Have you ever tasted a good Balsamic Reduction? It’s one of those things that you might not automatically reach for, but once you introduce it into your cooking repertoire, you’re always going to want it in your fridge. It is gluten free, vegan and paleo.
A balsamic vinegar reduction is a concentrated and thickened version of balsamic vinegar that is simmered in a sauce pan until it has reduced by almost half, or a quarter. When you reduce balsamic vinegar, you’re actually evaporating the water and concentrating the sugars. So it’s naturally sweetened. The result will be a more concentrated and intense balsamic flavour, and the consistency will thicken. The longer you let the vinegar simmer, the thicker it will get.
It is sweet, tangy, syrupy and absolutely delicious! It adds acid and sweetness that make any dish pop! It is absolute deliciousness on a plate and super easy to make. A concentrated and thickened version of balsamic vinegar that is perfect for drizzling on salads and vegetables, or to use as a glaze for meats. The rich and savoury sweet essence of balsamic vinegar without a hint of vinegar’s typical whang.
I drizzle balsamic vinegar on salads with a little olive oil (it’s my “go to” quick daily dressing). And I also use it when making my Salad dressing. The great thing about making balsamic reduction at home is that it only takes one ingredient. And about 15 minutes of your time. This Balsamic Reduction will be your new “go to” sauce to top off any dish – done in just 15 minutes!
The great news is, it will last for at least 3 months in your fridge, so you can make a big batch and it might last you all summer! Or it might last you two days, once you taste it.
Although a lot of recipes call for added sweetener (often in the form of brown sugar, honey or maple syrup), balsamic vinegar is naturally sweet, and becomes even sweeter as it cooks down into a reduction. When adding sweetener it’s called balsamic glaze. Both balsamic glaze and reduction can be used to enhance the taste of sweet and savoury recipes. But when it comes to a balsamic reduction, with that thick, sweet drizzle, the first thing that always comes to mind is caprese salad, right? But you can also use them in the following dishes:
- For a simple appetizer, pour a small puddle of extremely good quality extra-virgin olive oil into the center of a lovely white plate then squirt in a few droplets of the balsamic vinegar reduction. Provide slices of a crusty Italian bread for dipping
- Use it to drizzle over tomatoes and fresh mozzarella to make a caprese salad
- Salad dressing where you want to add a burst of flavour
- Enhance the flavour of tomato-based sauces, when your spaghetti sauce needs zooping up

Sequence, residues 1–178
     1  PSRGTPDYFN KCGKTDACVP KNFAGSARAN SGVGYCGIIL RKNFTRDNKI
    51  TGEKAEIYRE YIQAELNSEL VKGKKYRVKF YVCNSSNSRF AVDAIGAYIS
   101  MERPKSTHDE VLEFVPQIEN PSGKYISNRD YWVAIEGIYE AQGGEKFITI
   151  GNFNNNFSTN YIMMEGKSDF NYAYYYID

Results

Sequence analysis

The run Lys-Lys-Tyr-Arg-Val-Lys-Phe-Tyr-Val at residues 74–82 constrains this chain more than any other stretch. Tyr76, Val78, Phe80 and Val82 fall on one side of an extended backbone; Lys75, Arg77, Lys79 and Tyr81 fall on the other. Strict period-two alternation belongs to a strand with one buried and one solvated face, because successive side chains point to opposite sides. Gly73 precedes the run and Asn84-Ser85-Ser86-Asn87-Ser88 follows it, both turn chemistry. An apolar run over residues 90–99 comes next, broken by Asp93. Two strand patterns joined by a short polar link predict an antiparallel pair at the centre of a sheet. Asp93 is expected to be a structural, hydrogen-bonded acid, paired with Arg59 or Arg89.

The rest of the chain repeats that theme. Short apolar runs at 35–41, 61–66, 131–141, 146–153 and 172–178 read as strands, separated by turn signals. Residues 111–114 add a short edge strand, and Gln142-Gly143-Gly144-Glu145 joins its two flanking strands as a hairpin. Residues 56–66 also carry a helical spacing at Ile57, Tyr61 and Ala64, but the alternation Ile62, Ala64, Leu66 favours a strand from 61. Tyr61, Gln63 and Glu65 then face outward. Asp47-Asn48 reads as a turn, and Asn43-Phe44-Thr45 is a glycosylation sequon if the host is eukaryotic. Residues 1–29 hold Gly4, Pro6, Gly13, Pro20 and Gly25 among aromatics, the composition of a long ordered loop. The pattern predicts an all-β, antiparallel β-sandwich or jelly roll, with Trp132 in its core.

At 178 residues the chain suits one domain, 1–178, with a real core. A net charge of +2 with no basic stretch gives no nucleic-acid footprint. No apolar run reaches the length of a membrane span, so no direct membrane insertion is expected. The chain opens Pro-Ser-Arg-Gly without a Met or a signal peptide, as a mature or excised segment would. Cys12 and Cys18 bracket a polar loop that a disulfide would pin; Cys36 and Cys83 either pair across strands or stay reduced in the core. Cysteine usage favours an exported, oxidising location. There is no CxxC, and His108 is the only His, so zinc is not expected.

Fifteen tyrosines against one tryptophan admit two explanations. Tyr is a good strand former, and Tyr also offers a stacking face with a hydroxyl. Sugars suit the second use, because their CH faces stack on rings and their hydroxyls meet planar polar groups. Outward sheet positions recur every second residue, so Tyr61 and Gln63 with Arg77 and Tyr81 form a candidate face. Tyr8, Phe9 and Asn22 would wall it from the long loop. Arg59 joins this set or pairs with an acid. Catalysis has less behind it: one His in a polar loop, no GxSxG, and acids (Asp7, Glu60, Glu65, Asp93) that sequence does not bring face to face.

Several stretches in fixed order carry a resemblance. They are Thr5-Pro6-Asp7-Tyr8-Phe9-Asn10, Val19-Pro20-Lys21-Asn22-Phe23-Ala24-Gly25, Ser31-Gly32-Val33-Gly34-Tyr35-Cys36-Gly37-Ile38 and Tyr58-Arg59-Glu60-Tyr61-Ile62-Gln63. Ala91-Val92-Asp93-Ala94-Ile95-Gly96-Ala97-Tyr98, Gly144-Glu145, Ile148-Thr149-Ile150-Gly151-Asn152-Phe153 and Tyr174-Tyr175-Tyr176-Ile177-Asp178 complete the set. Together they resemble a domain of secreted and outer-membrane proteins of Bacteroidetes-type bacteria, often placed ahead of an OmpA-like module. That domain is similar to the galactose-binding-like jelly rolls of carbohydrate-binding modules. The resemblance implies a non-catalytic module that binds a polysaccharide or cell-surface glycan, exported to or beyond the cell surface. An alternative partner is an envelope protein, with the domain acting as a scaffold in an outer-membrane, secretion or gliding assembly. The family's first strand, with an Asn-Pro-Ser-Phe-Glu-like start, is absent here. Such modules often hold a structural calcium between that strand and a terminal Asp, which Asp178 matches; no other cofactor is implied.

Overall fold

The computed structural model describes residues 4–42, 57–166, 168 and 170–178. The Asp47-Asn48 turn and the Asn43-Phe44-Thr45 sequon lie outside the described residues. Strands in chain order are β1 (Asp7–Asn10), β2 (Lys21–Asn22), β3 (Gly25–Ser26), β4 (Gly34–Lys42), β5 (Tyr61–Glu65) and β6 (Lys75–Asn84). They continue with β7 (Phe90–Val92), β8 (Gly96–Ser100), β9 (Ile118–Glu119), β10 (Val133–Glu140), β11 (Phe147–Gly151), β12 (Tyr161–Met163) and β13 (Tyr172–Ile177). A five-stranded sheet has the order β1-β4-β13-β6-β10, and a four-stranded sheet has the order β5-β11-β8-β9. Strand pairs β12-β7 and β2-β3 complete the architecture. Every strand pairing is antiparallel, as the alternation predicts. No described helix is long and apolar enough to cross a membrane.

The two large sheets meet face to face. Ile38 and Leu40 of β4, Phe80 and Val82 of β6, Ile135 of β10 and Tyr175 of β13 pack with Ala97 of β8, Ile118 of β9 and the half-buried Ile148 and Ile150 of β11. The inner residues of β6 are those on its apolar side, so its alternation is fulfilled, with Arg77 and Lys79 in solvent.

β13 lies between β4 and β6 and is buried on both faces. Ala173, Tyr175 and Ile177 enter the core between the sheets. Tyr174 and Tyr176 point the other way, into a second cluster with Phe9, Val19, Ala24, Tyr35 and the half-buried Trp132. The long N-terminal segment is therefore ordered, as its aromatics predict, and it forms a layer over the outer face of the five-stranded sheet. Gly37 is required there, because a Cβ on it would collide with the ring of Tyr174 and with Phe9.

- When a vegetable sauté lacks oomph, it’s fabulous served with alongside some grilled vegetables, I personally love it on roasted or grilled asparagus
- To flavour simple grilled meats, such as fish, beef, pork, poultry, ribs, or chicken
- Drizzle over an appetizer, grilled peaches, grilled pineapple, bread, bruschetta, roasted polenta
- If you like using olive oil and vinegar for dipping with bread, using a balsamic reduction will make it even more delicious
- Serve as a dip with aged cheeses, fresh fruit or dollop on ice cream
- Or whatever you’d like when I want to wow the guests with a fancy squiggly garnish alongside the platter
- Or you could just drink it if you like… it’s that good!
- 1 cup Balsamic vinegar - Yield about 1/4 cup*
- Pour balsamic vinegar into a small saucepan and bring to a boil over medium-high heat.
- Once bubbling, reduce heat to medium-low and continue to simmer and let simmer for about 10-15 minutes until vinegar has reduced by about half and thickened*. Stir occasionally. Be sure to keep an eye on it to make sure it's not boiling rapidly because it can burn... just a low simmer is perfect.
- * You can reduce it by ¼, 1/3 or 1/2, depending on how thick you like it. Just remember that it will continue to thicken as it cools. For a concentrated but still liquid balsamic sauce you should at least cook it until it reduces by half, it will still be liquid, but will start to coat the pan and a spoon. For a thicker consistency, cook it until it’s reduced to a quarter of the original volume. The finished reduction should be thick and light amber in color. Once smell slightly of caramel and complex fruit. As you are making you can taste it, and test the flavour and consistency that you prefer.
- As soon as the balsamic reduction reaches the consistency and concentration level that you prefer, remove it from the heat, and let it cool down for at least 10 minutes to serve. Once allowed to sit, and cool the flavour will become more complex, it will thicken slightly as it cools.
- Allow to cool completely and then transfer to an air tight container and store in refrigerator.